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Diagnostic Structures of Intestinal Helminths: Hymenolepis nana

  • Authors: Javier Gutierrez Jimenez 1, J.A. Hernandez-Shilon 2, L.P. Fajardo-Martinez 3, Maria Guadalupe del Carmen Torres-Sanchez 4
  • VIEW AFFILIATIONS HIDE AFFILIATIONS
    Affiliations: 1: Lab. de Biologia Molecular y Genetica, Facultad de Ciencias Biologicas, Universidad de Ciencias y Artes de Chiapas, Tuxtla Gutierrez, Chiapas, 29000; 2: Facultad de Ciencias Biologicas, Universidad de Ciencias y Artes de Chiapas, Tuxtla Gutierrez , Chiapas, 29039; 3: Facultad de Ciencias Biologicas, Universidad de Ciencias y Artes de Chiapas, Tuxtla Gutierrez , Chiapas, 29039; 4: Laboratorio de Biologia Molecular y Genetica, Facultad de Ciencias Biologicas, Universidad de Ciencias y Artes de Chiapas, Chiapas
  • Citation: Javier Gutierrez Jimenez, J.A. Hernandez-Shilon, L.P. Fajardo-Martinez, Maria Guadalupe del Carmen Torres-Sanchez. 2011. Diagnostic structures of intestinal helminths: hymenolepis nana.
  • Publication Date : June 2011
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Introduction



The figure shows a typical Hymenolepis nana egg found in feces from a 2-year-old child with
diarrhea. An oncosphere containing the hexacanth embryo with three pairs of hooks and two polar thickenings can be observed. The polar filaments are present in the space between the oncosphere and the eggshell; those filaments are difficult to see in this picture, however.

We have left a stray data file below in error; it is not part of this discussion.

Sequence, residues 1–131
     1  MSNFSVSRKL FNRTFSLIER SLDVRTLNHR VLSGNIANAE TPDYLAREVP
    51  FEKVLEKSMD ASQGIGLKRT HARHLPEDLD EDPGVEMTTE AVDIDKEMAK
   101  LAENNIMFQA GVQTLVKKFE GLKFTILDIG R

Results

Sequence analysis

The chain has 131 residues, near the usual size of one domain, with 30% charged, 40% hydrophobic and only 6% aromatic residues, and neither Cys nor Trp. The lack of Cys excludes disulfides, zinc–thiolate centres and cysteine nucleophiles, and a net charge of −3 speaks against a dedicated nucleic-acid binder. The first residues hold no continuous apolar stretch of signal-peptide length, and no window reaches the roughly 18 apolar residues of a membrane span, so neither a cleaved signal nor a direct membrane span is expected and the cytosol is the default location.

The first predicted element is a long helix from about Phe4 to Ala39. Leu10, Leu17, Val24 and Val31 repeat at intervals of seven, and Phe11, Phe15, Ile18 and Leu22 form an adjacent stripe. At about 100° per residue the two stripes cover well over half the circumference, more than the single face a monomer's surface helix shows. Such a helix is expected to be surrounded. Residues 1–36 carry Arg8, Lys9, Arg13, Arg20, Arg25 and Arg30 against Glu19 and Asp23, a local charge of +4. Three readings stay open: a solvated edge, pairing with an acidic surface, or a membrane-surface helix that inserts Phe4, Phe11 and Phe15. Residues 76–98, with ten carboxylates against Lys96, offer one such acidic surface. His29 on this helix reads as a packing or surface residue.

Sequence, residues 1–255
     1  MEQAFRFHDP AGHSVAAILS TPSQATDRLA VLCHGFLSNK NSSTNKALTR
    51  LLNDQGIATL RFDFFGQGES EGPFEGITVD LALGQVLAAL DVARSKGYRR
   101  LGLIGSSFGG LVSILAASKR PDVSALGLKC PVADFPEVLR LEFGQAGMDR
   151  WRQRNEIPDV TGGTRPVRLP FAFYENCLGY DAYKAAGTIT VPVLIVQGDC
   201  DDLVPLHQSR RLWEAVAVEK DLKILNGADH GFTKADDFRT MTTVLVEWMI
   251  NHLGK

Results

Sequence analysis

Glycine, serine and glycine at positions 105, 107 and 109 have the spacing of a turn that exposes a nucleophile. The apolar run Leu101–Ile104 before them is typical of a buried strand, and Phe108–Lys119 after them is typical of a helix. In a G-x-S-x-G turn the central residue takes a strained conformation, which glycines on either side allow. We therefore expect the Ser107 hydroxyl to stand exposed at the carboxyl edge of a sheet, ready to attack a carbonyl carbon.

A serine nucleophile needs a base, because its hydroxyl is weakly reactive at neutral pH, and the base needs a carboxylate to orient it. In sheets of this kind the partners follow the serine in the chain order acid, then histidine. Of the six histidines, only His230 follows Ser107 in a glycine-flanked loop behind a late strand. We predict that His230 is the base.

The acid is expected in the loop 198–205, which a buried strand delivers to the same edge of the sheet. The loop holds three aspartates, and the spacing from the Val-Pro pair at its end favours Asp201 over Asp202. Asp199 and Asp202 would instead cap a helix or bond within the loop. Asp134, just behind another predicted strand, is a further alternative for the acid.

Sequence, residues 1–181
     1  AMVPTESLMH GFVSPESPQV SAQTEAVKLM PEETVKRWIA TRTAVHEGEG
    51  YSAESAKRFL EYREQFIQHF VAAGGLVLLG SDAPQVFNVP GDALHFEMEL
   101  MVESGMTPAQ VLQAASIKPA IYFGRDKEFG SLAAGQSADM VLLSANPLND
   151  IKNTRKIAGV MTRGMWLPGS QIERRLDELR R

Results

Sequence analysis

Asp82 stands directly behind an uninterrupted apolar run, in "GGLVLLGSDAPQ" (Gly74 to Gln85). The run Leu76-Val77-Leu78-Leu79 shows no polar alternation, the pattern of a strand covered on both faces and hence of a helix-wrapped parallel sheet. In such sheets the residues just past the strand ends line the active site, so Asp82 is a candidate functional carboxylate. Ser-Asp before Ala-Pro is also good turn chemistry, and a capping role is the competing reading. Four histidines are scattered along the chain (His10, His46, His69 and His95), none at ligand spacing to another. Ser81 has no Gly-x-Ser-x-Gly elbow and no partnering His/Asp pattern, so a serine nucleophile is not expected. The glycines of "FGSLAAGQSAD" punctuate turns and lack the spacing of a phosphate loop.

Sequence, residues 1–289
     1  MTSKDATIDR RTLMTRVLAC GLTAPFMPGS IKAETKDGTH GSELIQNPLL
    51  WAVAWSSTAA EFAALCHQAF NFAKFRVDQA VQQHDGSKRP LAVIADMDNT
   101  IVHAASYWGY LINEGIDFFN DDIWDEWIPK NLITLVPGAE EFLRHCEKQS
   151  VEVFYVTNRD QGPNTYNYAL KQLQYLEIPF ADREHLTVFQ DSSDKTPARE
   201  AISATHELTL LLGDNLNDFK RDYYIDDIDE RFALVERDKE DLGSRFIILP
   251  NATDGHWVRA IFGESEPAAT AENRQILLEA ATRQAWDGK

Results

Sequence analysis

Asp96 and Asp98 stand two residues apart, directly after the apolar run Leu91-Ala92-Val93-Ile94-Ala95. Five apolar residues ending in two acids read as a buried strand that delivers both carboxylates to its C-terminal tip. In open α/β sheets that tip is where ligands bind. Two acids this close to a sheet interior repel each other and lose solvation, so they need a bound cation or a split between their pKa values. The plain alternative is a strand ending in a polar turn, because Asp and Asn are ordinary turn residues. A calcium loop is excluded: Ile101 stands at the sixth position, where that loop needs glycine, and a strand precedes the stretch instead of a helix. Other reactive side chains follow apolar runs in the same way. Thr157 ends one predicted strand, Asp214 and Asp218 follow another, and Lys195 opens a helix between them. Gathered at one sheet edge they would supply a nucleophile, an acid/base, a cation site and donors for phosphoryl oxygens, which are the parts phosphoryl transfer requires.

Methods




The feces were collected in a sterile wide-mouth
plastic bottle and prepared using the formalin-ethyl acetate sedimentation procedure; the sediment was analyzed using light microscopy. The egg was photographed with a digital camera (Leica) using an oil immersion objective (1,000x).



Discussion




H. nana
, known as the dwarf tapeworm, is the smallest of the adult human tapeworms.  It is normally a parasite of mice, in which the life cycle involves various beetles as intermediate hosts. In humans, transmission is usually accomplished by direct ingestion of infective eggs containing oncospheres.  Also humans may acquire the tapeworms by accidental ingestion of infected beetles, often occurring in dry cereals.  H. nana has a worldwide geographic distribution but is the most common tapeworm infection of humans in the United States.



References



1.  Forbes, B. A., D. F. Sahm, and A. S. Weissfeld . 2002.  Bailey & Scott's diagnostic microbiology,
11th ed., p. 690–695.  Mosby, St. Louis, MO.

2.  Jawetz, E., J. L. Melnick, and E. A. Adelberg .  1979. Review of medical microbiology,
12th ed. , p. 512.  Lange Medical Publications, Los Altos, CA.

3.  Murray, P. R., E. J. Baron, J. H. Jorgensen, M. A. Pfaller, and R. H. Yolken . 2003. Manual of clinical microbiology, 8th ed., vol. 2, p. 2043–2045. ASM Press, Washington, D.C.

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